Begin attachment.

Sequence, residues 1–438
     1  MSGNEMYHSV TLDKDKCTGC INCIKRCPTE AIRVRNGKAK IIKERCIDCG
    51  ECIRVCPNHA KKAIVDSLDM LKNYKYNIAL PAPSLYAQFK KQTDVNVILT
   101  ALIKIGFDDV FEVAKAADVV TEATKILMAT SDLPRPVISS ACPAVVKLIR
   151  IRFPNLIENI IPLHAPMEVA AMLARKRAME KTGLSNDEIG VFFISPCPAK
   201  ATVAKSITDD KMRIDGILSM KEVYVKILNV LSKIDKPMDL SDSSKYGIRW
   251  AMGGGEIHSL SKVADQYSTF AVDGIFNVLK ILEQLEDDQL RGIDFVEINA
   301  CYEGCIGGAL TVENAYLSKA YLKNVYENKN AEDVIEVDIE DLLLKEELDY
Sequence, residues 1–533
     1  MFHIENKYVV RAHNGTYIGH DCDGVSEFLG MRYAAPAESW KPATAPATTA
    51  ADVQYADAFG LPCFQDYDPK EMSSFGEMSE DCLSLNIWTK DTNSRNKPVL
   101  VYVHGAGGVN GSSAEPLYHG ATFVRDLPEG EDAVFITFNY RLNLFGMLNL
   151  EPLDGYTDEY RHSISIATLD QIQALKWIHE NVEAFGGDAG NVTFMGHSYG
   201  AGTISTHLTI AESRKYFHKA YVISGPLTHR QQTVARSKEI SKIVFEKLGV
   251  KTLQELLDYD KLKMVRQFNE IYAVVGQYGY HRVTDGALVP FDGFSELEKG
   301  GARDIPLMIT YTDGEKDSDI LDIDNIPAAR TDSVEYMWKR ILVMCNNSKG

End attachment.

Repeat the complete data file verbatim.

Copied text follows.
Sequence, residues 1–438
     1  MSGNEMYHSV TLDKDKCTGC INCIKRCPTE AIRVRNGKAK IIKERCIDCG
    51  ECIRVCPNHA KKAIVDSLDM LKNYKYNIAL PAPSLYAQFK KQTDVNVILT
   101  ALIKIGFDDV FEVAKAADVV TEATKILMAT SDLPRPVISS ACPAVVKLIR
   151  IRFPNLIENI IPLHAPMEVA AMLARKRAME KTGLSNDEIG VFFISPCPAK
   201  ATVAKSITDD KMRIDGILSM KEVYVKILNV LSKIDKPMDL SDSSKYGIRW
   251  AMGGGEIHSL SKVADQYSTF AVDGIFNVLK ILEQLEDDQL RGIDFVEINA
   301  CYEGCIGGAL TVENAYLSKA YLKNVYENKN AEDVIEVDIE DLLLKEELDY
Sequence, residues 1–533
     1  MFHIENKYVV RAHNGTYIGH DCDGVSEFLG MRYAAPAESW KPATAPATTA
    51  ADVQYADAFG LPCFQDYDPK EMSSFGEMSE DCLSLNIWTK DTNSRNKPVL
   101  VYVHGAGGVN GSSAEPLYHG ATFVRDLPEG EDAVFITFNY RLNLFGMLNL
   151  EPLDGYTDEY RHSISIATLD QIQALKWIHE NVEAFGGDAG NVTFMGHSYG
   201  AGTISTHLTI AESRKYFHKA YVISGPLTHR QQTVARSKEI SKIVFEKLGV
   251  KTLQELLDYD KLKMVRQFNE IYAVVGQYGY HRVTDGALVP FDGFSELEKG
   301  GARDIPLMIT YTDGEKDSDI LDIDNIPAAR TDSVEYMWKR ILVMCNNSKG